With the oil and gas industry experiencing an exceptionally challenging period, Centricas (LSE: CNA) decision to sell up and walk away from the sector seems to be the right move. Clearly, the company has been forced to endure a severe fall in profitability from its oil and gas assets, but under a refreshed strategy it will become a more focused supplier of domestic energy over the coming years.
In doing so, Centrica hopes to deliver around 750m per year in cost savings by 2020 and this should help alleviate the intense pressure onits bottom line in recent years. For example, Centricas earnings fell by 28% in 2014 and are expected to have declined by a further 8% in 2015.
Furthermore, a more stable business model thats not as exposed to changing commodity prices should provide scope for further dividend increases in future years. In turn, this could cause investor sentiment to improve and push Centricas share price higher after its slump of 23% in the last year. With the companys shares trading on a price-to-earnings (P/E) ratio of 11.7 and yielding 6%, they offer income, value and major turnaround potential.
Similarly, energy support services company Lamprell (LSE: LAM) is also finding life difficult in a low oil price world. Its bottom line is expected to have fallen by 45% in 2015 and with a further 2% decline expected to be recorded in 2016, investor sentiment could worsen. This could push Lamprells share price even lower in the coming months after its disappointing start to 2016 thathas seen its valuation decline by 17%.
However, with Lamprell trading on a P/E ratio of just 7.3, it offers considerable upward rerating potential. And with its current projects being on track according to its most recent update, and Lamprell gaining an advantage from the early implementation of efficiency measures, theres scope for improved financial performance in the long run. Furthermore, with Lamprell due to raise dividends by 60% this year, investor sentiment could pick up due to rising shareholder payouts indicating Lamprells confidence in its long-term financial outlook.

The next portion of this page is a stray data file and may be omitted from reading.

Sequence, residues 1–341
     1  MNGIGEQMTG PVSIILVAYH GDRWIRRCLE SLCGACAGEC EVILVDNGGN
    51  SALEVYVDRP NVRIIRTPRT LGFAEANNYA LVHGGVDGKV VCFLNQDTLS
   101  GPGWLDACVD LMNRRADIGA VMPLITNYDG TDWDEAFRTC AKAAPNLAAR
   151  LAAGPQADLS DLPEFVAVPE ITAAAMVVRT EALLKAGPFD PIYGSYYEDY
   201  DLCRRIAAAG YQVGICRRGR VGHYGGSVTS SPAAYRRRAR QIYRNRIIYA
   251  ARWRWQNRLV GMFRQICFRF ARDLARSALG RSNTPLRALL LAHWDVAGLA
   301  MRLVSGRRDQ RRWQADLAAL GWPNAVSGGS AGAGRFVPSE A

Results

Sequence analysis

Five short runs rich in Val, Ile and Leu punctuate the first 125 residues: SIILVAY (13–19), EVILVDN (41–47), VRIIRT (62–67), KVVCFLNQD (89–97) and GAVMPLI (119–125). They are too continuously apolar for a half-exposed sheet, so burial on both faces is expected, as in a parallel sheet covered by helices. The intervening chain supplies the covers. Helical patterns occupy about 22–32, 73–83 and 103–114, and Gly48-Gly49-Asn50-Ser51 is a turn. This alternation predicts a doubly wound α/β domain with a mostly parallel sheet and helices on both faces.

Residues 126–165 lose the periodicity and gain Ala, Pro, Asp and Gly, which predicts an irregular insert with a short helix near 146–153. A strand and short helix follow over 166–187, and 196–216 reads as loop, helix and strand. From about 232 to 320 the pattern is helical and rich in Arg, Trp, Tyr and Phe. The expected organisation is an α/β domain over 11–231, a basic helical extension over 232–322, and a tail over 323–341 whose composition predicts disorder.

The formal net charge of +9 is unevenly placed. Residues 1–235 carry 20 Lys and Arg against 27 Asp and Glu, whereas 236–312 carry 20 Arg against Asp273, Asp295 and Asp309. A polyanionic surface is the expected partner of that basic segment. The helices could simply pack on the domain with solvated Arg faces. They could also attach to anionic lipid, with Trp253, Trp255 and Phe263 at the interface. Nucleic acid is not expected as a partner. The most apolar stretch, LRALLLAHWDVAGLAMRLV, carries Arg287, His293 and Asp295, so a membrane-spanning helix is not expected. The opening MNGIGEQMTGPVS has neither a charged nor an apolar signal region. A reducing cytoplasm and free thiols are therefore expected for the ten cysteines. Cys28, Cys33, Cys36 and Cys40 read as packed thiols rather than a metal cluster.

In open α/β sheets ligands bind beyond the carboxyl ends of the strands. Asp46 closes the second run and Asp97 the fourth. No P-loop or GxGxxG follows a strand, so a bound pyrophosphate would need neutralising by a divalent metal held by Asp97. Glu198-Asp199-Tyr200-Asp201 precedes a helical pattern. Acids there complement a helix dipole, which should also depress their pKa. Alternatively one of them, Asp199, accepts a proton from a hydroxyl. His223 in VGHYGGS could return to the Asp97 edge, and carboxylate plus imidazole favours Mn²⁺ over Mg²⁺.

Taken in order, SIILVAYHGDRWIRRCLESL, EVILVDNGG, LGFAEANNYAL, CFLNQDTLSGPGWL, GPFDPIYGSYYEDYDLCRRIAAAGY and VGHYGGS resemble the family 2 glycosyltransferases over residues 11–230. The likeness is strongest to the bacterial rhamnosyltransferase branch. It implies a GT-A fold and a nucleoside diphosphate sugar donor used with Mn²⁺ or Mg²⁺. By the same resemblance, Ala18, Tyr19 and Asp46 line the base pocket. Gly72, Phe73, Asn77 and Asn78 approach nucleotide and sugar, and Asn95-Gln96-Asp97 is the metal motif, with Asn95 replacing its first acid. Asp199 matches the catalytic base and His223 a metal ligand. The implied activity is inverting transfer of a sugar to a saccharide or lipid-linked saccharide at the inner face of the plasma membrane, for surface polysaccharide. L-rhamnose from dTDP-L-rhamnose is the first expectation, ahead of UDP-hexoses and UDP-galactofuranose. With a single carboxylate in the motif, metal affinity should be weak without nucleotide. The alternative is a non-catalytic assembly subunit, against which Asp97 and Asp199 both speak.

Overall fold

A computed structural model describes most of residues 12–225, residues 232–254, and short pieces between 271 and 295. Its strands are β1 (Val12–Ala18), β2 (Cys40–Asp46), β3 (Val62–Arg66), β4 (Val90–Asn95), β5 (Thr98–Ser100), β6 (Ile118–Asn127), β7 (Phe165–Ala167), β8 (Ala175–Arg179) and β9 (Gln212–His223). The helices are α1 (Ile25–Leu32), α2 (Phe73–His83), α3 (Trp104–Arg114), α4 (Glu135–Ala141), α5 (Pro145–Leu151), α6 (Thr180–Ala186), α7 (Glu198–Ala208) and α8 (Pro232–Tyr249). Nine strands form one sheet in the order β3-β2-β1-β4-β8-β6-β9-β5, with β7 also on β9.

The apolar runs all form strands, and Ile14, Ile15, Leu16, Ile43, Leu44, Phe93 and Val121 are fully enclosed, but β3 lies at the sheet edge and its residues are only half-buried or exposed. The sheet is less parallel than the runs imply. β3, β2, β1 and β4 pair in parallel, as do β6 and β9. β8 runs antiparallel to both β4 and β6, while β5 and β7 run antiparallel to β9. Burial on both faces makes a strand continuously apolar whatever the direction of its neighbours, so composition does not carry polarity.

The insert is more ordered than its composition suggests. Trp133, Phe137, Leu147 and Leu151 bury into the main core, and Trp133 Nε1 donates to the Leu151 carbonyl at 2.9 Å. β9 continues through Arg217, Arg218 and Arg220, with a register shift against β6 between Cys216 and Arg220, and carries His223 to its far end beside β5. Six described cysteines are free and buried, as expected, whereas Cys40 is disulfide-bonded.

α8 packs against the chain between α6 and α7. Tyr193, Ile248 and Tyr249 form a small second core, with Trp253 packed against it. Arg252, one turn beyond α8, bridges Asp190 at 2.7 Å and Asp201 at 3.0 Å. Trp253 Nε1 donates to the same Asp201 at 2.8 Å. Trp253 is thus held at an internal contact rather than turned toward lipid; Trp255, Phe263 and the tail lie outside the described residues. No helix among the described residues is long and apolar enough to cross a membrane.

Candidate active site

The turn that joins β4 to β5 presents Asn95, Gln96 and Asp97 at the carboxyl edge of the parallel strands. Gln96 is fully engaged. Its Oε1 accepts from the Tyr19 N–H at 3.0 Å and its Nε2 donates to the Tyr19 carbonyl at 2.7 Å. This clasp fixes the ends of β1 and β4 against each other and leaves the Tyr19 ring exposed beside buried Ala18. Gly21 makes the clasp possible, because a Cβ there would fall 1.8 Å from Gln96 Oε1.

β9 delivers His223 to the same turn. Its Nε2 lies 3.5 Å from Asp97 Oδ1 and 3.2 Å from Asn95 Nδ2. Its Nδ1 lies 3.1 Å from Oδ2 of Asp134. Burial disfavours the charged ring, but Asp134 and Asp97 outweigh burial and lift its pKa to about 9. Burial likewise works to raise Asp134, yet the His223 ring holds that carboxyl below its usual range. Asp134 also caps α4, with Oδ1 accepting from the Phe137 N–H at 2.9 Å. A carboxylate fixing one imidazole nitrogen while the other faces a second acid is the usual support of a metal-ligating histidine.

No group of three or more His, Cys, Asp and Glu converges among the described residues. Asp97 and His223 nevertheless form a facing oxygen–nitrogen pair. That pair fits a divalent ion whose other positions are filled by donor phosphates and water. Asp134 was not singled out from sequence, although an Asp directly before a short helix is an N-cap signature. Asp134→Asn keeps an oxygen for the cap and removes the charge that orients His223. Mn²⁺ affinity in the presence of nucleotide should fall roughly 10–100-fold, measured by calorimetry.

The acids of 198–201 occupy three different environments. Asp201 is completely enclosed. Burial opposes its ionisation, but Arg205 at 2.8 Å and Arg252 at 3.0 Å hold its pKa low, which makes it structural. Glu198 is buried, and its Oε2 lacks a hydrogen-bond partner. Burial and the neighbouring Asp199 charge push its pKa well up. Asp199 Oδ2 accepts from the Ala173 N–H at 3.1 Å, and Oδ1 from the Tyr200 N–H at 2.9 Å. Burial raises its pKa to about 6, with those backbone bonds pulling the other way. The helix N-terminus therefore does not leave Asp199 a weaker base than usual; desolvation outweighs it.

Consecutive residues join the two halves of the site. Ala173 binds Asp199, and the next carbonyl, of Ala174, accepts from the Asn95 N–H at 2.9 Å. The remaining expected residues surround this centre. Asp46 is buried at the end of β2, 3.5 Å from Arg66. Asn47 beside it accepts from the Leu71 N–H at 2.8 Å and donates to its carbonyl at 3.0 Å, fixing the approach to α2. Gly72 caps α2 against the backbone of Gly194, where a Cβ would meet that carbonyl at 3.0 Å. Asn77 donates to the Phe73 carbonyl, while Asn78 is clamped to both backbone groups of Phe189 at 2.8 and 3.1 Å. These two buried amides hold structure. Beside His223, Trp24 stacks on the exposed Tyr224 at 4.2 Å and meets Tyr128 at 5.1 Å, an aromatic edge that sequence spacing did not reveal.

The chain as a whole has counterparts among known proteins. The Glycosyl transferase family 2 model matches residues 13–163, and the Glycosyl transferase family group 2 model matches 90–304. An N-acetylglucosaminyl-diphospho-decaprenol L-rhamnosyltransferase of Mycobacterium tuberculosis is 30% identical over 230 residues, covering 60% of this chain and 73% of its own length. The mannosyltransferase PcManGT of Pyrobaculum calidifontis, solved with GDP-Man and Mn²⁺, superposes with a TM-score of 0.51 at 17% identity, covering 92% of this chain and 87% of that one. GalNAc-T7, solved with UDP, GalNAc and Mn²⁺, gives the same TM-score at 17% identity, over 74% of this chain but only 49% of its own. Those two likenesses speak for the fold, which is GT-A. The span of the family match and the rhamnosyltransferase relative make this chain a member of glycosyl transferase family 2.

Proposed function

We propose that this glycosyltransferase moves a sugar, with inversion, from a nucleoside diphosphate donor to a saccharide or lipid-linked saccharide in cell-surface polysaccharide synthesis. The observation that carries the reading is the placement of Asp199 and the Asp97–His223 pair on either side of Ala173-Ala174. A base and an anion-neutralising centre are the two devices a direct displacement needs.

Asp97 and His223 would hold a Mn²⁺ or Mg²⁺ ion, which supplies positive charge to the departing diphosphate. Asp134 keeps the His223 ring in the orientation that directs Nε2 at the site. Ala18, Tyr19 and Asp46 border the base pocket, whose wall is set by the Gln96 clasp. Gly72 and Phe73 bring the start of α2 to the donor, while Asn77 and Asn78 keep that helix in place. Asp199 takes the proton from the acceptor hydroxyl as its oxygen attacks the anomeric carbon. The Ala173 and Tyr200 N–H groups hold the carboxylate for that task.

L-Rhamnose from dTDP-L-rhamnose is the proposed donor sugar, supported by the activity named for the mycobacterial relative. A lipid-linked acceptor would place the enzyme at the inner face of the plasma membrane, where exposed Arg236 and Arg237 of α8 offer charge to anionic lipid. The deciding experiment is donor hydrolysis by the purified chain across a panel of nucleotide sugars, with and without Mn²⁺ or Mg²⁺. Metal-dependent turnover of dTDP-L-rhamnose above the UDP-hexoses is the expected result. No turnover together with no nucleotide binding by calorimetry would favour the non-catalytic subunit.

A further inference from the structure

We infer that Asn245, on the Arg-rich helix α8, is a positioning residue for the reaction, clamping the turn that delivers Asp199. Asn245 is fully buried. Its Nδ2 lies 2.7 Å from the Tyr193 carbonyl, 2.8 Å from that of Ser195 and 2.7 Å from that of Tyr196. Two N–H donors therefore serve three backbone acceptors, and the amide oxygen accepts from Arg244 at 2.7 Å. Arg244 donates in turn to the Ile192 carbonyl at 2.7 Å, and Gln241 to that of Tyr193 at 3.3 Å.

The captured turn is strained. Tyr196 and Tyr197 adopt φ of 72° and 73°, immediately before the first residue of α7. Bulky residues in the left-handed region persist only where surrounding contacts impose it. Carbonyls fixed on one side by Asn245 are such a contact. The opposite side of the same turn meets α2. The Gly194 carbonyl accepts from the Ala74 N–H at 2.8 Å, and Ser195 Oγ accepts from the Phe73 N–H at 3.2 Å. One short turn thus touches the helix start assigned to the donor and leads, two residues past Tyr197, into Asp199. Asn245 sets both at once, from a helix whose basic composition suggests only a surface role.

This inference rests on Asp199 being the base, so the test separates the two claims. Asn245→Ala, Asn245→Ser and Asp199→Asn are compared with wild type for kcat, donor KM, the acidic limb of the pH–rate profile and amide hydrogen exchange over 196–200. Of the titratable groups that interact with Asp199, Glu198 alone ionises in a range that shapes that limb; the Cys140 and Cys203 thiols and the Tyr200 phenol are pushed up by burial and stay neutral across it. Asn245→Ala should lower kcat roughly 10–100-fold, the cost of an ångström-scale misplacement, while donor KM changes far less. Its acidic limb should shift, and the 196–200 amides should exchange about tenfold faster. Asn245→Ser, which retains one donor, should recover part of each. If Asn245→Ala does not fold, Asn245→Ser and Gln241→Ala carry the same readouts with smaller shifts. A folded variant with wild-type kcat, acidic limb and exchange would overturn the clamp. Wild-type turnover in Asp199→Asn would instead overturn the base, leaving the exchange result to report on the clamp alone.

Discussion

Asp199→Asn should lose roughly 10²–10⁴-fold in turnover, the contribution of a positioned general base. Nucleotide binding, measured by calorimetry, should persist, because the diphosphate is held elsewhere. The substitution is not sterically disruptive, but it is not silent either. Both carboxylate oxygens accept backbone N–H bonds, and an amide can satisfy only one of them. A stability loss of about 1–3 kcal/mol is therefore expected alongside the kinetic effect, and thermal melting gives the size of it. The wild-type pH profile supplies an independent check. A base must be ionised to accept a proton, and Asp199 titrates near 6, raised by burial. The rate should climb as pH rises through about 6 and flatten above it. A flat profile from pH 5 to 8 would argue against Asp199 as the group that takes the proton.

The dragon wakes?
Meanwhile, shares in one of Chinas largest gas producers Green Dragon Gas (LSE: GDG) have risen by over 40% today even though no significant news flow has been released. According to its most recent production update, which was released around three weeks ago, Green Dragons operations are performing ahead of expectations and its 2015 year-end exit rate gross production target was surpassed.
In fact, Green Dragons gross production rate rose by 36% from 2014 to 2015. With there being tremendous scope for further infrastructure development and the connection of wells to the production network from the existing 1,977 drilled wells, Green Dragons shares could make further gains over the medium term.
Clearly, Green Dragon is a lossmaking entity and gas prices could come under further pressure if the price of oil continues to deteriorate. However, with production set to increase rapidly, for less risk-averse investors Green Dragon could be worth a closer look.
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